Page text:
According to researchers, the average person has 40 to 60 thousand thoughts every day. These thoughts can range from the mundane (“Remember to buy toothpaste”) to the worrisome (“Am I safe?”) to the intrusive and disturbing (“Did I really just feel an attraction toward a relative?”).
If you’re having thoughts about being attracted to a family member and you’re finding them upsetting, you’re not alone. As a therapist, I’ve worked with many people who have this fear, and I’ve helped them uncover the reason behind it. Let’s look at one example.
At a family reunion, Jenny noticed she had some intrusive thoughts about how her cousin had changed over the years. Her braces came off, her skin cleared up, and her figure made Jenny do a double take. Just a minute later, her mind started spiraling, and she kept worrying about what her thoughts had meant, ruminating over and over about whether she was attracted to her cousin. She avoided spending time with her cousin alone. She backed out of the family activities like volleyball if she feared there could be physical contact with her cousin. How could she trust herself?
Whenever Jenny was near her family, her mind told her distressing messages, like “You wish she was your girlfriend” or “Those thoughts are as bad as incest.” At times she would have a groinal response (a sensation of arousal in her genitals) after one of these intrusive thoughts, which made her feel even more ashamed, afraid, and disgusted.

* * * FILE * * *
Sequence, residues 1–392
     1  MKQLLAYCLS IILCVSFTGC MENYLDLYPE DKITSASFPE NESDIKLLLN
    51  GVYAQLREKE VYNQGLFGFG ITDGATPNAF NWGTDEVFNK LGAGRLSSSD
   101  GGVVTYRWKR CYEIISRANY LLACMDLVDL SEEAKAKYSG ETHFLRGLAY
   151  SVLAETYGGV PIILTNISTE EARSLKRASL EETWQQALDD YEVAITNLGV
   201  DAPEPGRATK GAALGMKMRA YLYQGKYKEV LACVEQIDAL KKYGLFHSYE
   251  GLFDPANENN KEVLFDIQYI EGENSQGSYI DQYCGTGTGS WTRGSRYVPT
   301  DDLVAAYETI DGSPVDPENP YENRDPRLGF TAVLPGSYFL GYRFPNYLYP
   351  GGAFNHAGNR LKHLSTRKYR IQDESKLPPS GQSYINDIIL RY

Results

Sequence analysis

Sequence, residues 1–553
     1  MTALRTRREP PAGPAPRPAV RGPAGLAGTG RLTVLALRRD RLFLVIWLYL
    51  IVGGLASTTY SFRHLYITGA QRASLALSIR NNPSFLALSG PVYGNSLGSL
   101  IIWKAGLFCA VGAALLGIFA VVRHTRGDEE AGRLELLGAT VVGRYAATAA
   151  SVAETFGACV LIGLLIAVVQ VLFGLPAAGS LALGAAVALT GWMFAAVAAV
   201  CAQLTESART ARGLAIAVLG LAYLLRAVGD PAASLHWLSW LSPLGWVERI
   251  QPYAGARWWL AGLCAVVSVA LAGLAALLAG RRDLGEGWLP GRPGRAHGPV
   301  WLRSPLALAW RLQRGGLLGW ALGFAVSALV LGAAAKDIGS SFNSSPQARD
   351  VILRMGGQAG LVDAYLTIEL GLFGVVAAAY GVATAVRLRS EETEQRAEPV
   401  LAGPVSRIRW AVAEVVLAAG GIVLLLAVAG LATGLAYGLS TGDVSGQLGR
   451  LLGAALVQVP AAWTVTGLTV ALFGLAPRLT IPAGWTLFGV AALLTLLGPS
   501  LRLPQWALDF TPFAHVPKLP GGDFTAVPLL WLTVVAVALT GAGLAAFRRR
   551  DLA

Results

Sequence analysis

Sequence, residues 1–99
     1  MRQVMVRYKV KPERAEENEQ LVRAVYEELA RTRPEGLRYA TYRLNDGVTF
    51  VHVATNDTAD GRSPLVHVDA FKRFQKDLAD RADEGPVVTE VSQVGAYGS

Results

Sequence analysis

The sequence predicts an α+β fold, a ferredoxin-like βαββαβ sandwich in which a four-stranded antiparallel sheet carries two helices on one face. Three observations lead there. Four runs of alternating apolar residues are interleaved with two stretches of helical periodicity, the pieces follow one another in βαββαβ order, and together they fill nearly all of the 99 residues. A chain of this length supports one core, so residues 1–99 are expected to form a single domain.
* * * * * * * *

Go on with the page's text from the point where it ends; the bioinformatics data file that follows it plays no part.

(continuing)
For Jenny, her fear of being attracted to a family member turned out to be explained by obsessive-compulsive disorder (OCD). If your only familiarity with OCD is compulsive hand washing or ritualistic tapping, you might be surprised to learn that unwanted sexual thoughts about a family member can have anything to do with this mental health condition. But there are many manifestations of OCD, including a theme called Incest OCD.
Understanding Incest OCD
A person with OCD experiences two primary types of symptoms: obsessions and compulsions. Obsessions are unwanted and intrusive thoughts, urges, feelings, sensations, or images that come into your mind and cause a large amount of distress, anxiety, or fear. Compulsions are mental or physical acts that you feel compelled to engage in as a way to alleviate the distress of the obsession or avoid something bad happening—but only temporarily, because the obsession always returns, bringing even more distress over time.